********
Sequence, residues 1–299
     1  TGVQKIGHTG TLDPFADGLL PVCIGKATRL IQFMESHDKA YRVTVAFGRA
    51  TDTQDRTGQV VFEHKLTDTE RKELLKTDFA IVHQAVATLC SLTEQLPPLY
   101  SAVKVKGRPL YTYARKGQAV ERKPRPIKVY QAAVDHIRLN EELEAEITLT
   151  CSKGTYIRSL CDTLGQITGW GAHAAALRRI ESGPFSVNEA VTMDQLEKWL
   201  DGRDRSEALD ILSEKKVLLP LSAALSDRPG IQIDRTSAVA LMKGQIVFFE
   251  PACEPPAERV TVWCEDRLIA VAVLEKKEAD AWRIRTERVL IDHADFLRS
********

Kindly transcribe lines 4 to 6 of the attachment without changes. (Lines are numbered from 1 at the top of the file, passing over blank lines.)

   101  SAVKVKGRPL YTYARKGQAV ERKPRPIKVY QAAVDHIRLN EELEAEITLT
   151  CSKGTYIRSL CDTLGQITGW GAHAAALRRI ESGPFSVNEA VTMDQLEKWL
   201  DGRDRSEALD ILSEKKVLLP LSAALSDRPG IQIDRTSAVA LMKGQIVFFE